Now that emojis have been a staple in texting for more than 10 years, their meaning has changed considerably. Emojis are now used almost exclusively in a joking manner, and any earnest and frequent use of them is an indicator that someone is not a teenager or a young adult. Same goes with emoticons such as “:)”, “XD”, and “:P”—their use is primarily ironic.

This comment aims to poke fun at a style of comment popular among Generation X and Baby Boomers on social media apps like Facebook. Ones who use this style of antiquated text-speak are cast as ‘NPCs’, a term for characters in video games not controlled by the player.

However, some of the younger generation—including me—have embraced the serious use of emojis and special character faces, almost as if we’re trying to capture the nostalgia of the time where their serious use was widely accepted.

Emojis are also used to get around social media content filters, where words for drugs like marijuana and prescription pills are substituted with a leaf or pill emoji.

Like emojis, acronyms are still used widely in modern text-speak. “lol” is surprisingly versatile, with some uses not even involving the fact that someone has actually laughed out loud. Instead, it’s often placed at the end of a sentence as a de facto “tone indicator”, used to imply a joke or a playful attitude when the meaning could possibly be perceived literally. Oddly enough, the adherence to traditional grammar and punctuation rules is used to convey meaning, too. It has become a trend to ironically use correct grammar and emojis to resemble someone of the older generation not accustomed to modern text-speak.

Text-speak itself isn’t a monolith—older generations also play with grammar and punctuation rules to make their own version of text-speak. Periods are often replaced with ellipses in an attempt to work around their seriousness, which creates long, seemingly run-on sentences. Ending punctuation is often omitted for short phrases and longer thoughts are sometimes split up into multiple messages. While some older folks have adapted well to text-speak, it is generally used less frequently the older someone is.

Image from High Net Worth article “Why Do Boomers Text the Way They Do?” by Angela Low. Examples are in white text bubbles.

Teens and young adults see these conventions as an indicator that someone is older, and some will change their own typing conventions accordingly—some aspects of text-speak are omitted out of the fear that they would be misunderstood. This has an interesting byproduct of “shielding” the younger text-speak from those who aren’t familiar with it.

Text-speak can take dramatically different forms depending on which communities you’re talking within. While the fundamental rules remain, the lexicon of a Tumblr user is drastically different than that of a 4chan, Reddit, Snapchat, or Discord user. They can even vary within the same online space—for example, Reddit’s different sub-communities, called Subreddits, converse in vastly different ways. Take, for example, the differences between the ‘r/funny’ and ‘r/dogelore’ subreddits. The r/funny subreddit is much more popular, broad, and established, which brings not only a wider range of internet users, but an older viewer base on average. This is reflected in the most upvoted comments on a post—they adhere more to traditional grammar rules and use emoticons in earnest.

In contrast, the r/dogelore subreddit is centered around a once-antiquated character named Doge, which has since seen a resurgence with a much younger crowd of teens and young adults. This is reflected in the comment sections of posts, where punctuation is used sparingly, cry-speak is used ironically, and inside jokes are extremely common.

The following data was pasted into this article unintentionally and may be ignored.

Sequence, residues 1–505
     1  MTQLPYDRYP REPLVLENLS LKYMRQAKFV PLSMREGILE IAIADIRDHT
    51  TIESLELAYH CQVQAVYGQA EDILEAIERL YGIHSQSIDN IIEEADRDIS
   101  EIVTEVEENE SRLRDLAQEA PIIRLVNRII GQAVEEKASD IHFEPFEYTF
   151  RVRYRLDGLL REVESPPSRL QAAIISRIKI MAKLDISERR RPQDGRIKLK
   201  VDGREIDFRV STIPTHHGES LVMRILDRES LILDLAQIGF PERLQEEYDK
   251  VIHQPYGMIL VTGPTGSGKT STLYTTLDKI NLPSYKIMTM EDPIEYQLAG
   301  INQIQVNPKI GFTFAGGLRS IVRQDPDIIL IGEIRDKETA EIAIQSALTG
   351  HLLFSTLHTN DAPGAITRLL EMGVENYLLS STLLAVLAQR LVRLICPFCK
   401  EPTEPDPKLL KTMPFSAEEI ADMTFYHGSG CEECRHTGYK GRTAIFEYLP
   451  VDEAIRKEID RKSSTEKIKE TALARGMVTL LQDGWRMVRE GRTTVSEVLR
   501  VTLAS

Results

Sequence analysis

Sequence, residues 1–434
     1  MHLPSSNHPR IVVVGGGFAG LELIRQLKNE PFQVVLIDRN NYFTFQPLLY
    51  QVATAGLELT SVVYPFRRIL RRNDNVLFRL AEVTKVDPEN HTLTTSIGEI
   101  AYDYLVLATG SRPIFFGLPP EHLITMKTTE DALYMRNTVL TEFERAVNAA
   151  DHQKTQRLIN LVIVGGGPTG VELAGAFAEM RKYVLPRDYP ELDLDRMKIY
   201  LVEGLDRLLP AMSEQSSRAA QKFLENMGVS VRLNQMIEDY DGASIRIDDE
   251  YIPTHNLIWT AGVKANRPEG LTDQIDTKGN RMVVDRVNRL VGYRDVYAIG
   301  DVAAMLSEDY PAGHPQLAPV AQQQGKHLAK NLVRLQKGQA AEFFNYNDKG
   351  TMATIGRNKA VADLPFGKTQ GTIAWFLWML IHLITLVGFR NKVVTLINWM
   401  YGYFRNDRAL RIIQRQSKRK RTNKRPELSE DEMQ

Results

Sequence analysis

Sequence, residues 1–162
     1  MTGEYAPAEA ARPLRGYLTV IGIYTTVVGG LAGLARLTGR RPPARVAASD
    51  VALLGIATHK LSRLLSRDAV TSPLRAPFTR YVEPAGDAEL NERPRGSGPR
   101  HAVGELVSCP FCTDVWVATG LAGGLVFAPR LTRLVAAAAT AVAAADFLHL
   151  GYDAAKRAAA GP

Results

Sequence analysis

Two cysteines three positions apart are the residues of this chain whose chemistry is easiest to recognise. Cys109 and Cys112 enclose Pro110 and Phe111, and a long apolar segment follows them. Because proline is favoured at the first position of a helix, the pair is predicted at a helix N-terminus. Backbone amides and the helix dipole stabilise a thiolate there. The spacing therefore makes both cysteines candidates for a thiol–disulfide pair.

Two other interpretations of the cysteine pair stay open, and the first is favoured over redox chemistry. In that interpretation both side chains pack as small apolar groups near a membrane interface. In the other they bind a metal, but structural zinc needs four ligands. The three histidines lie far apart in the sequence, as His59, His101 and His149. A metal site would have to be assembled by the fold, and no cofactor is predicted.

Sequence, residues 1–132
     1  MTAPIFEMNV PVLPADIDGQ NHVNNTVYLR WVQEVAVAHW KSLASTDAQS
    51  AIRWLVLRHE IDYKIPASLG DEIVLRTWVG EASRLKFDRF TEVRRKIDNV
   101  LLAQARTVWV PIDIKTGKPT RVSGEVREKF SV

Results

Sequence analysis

These differences can often create an in-group and an out-group within text-speak itself, much like those who use or don’t use text-speak entirely. It can make it harder for people to join these communities, as it takes changing how you express yourself on a fundamental level to fit in. However, text-speak can also foster a group of close-knit people that are able to freely express their opinions and emotions knowing that they will be interpreted correctly by the people around them. Text-speak is a prime example of how people are able to adapt to the limitations they are given. It is astonishing how much meaning can be given to the few keys we have at our disposal. While other forms of online communication have grown more popular, such as GIFs, emojis, voice chats, and video calls, much of our modern communication is still conveyed using text-speak. It feels like an open playground to express any thought and tone you want, especially when augmented with other media such as photos and GIFs. It’s an art to be learned and studied, and should be seen as a perfectly legitimate form of written communication, just like emails, literature, and letters.

As far as I know, text-speak is here to stay—it is simply used too universally to ever fade into obscurity. Although, I can also confidently predict that text-speak will resemble something very different a decade or two from now, just like how text-speak evolved from its roots in flip-phone texting. As the technology we use changes, the way we will communicate using technology will also change, and the quirks we use today will have much different meanings in the future. They may even be replaced entirely by something newer and more expressive. This organic collection of rules will keep changing ever-so-slightly, possibly to a point that our generation will be mocked for using an antiquated text-speak. Especially for younger people, it’s a necessity to stay up-to-date on the newest slang terms and writing conventions of text-speak, or else you run the risk of your messages being misinterpreted and your meaning falling through the cracks. For now, there is no choice but to adapt to the ever-changing unwritten rules of text-speak—unless you want to risk being called a “boomer” online by a bunch of faceless teenagers.